Above photo credit: Lacey Terrell, behind the scenes of Hillbilly Elegy, summer 2019.
Virginia B. Johnson is a Filipina-American costume designer living in Greater Boston. For almost two decades Virginia has designed an array of stylish costumes for television, documentaries, and feature films. She adeptly learned the ropes of the costume department by serving as a costume supervisor on such acclaimed productions as The Social Network, Spotlight, Black Mass, and Joy.
Her earliest opportunities as a motion picture costume designer were found in the arena of non-fiction storytelling, wherein she created period costumes for the examinations of various historical figures in the PBS productions, The War That Made America (five part mini-series), Nova, and American Experience (various mini-series).
It was through her steadfast work on these and a number of independent films which were shot in and around Boston, Massachusetts that Johnson came to the attention of director Peter Berg when he was searching for a costume designer for his retelling of the events surrounding the 2013 Boston Marathon bombing, Patriots Day, starring Mark Wahlberg. This opportunity led to a collaboration with Berg and Wahlberg that would be revisited with Mile 22 (STX Entertainment) and Spenser Confidential (Netflix).
Having earned her MFA in Costume Design & Fashion History from West Virginia University in the heart of Appalachia, Johnson was elated when chosen by director Ron Howard to design the costumes for his film adaptation of J. D. Vance’s autobiographical, best-selling memoir, Hillbilly Elegy.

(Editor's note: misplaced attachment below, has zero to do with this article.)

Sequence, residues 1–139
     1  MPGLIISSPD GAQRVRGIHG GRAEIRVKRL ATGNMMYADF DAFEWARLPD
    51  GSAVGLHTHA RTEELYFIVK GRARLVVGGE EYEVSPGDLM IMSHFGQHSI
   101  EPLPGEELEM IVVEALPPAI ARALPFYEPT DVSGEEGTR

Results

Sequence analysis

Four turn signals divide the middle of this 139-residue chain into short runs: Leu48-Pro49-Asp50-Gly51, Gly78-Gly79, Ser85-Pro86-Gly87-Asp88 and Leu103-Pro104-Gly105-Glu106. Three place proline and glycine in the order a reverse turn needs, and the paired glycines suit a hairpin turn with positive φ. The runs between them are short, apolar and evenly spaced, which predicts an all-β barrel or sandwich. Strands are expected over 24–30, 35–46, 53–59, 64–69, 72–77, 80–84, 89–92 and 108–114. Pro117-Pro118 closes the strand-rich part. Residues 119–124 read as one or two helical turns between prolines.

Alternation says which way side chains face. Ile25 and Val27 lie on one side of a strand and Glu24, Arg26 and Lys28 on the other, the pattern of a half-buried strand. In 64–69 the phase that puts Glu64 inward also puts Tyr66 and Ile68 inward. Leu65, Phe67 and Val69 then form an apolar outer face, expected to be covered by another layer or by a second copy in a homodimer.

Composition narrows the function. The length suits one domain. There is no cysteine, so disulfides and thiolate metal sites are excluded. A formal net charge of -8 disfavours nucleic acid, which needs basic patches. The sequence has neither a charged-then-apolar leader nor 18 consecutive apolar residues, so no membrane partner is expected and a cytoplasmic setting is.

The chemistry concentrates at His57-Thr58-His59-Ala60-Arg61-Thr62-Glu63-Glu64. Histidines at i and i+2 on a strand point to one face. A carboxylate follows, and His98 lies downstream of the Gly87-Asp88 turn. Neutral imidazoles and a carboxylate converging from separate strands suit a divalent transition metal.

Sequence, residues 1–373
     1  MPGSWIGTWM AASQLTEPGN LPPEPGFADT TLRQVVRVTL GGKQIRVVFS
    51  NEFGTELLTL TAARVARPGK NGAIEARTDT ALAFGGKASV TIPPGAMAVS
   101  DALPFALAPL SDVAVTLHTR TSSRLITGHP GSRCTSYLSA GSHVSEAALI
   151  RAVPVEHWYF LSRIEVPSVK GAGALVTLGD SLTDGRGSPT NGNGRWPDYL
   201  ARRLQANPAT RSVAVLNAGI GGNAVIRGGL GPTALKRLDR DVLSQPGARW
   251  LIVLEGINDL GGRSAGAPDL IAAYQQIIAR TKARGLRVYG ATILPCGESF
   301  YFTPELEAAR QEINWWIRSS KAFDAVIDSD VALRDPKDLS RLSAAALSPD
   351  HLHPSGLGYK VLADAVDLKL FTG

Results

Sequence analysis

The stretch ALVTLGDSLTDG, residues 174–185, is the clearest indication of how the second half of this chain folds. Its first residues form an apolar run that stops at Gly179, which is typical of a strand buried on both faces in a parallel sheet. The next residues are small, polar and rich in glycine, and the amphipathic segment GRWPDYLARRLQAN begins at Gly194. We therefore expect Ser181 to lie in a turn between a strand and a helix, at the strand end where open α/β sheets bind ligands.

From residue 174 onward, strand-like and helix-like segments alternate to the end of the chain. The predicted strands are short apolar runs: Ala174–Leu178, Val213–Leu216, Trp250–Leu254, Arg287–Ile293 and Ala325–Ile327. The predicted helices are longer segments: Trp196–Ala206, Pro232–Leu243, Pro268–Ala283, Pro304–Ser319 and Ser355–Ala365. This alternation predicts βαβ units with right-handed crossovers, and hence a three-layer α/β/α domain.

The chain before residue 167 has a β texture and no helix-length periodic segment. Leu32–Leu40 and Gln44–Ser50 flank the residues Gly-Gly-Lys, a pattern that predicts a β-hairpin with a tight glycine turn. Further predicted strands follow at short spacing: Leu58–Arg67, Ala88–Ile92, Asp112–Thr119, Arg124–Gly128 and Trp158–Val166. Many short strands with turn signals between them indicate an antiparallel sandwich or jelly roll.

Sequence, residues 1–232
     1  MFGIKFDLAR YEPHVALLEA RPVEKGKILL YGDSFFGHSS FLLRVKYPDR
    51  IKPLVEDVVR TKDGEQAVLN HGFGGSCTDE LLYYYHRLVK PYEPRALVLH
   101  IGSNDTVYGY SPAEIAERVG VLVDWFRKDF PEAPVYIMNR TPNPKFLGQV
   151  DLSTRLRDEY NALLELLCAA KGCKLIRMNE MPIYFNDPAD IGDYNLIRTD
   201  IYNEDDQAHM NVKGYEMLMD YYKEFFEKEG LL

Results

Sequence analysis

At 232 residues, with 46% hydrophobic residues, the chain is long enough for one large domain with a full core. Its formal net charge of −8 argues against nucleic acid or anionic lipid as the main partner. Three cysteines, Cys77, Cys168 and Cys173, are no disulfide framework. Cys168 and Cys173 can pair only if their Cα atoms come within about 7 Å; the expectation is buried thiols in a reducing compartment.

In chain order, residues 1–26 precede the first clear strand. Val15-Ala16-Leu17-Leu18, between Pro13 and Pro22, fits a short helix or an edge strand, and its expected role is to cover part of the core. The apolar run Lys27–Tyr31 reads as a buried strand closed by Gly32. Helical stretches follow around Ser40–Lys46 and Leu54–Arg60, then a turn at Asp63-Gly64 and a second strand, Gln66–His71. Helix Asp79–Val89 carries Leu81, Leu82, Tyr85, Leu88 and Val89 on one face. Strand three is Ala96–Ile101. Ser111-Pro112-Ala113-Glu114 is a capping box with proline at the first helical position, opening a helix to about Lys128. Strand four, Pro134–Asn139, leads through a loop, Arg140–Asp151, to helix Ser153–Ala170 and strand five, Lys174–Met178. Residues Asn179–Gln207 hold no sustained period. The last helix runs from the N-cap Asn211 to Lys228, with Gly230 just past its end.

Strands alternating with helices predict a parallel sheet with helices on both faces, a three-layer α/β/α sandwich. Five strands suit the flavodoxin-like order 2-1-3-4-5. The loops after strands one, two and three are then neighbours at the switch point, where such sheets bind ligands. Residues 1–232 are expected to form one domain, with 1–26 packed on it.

When the novel coronavirus pandemic incapacitated the motion picture industry in March 2020, Johnson put her skills to good use by making thousands of masks for healthcare workers, hospitals, and other organizations in the Boston area and nationwide.
She recently wrapped up production on Salem's Lot, written and directed by Gary Dauberman. Produced by New Line Cinema, it is based on Stephen King's 1975 novel of the same name. Set in a small town in Maine in 1975, up and coming author Ben Mears discovers that an ancient evil has also come to town and its turning the residents into vampires.
When not designing costumes, Virginia explores the intersection of feminism and craft. Virginia opened a fabric and fibers studio in Cambridge, Massachusetts in 2011 where people can learn to sew, knit, crochet, embroider, and quilt. You can read about Virginia's relationship to craft in Jen Hewett's 2021 book, This Long Thread: Women of Color on Craft, Community and Connection.
Virginia is represented by Sandra Marsh and Associates.
An Unexpected History: The Story of Hennessy and African Americans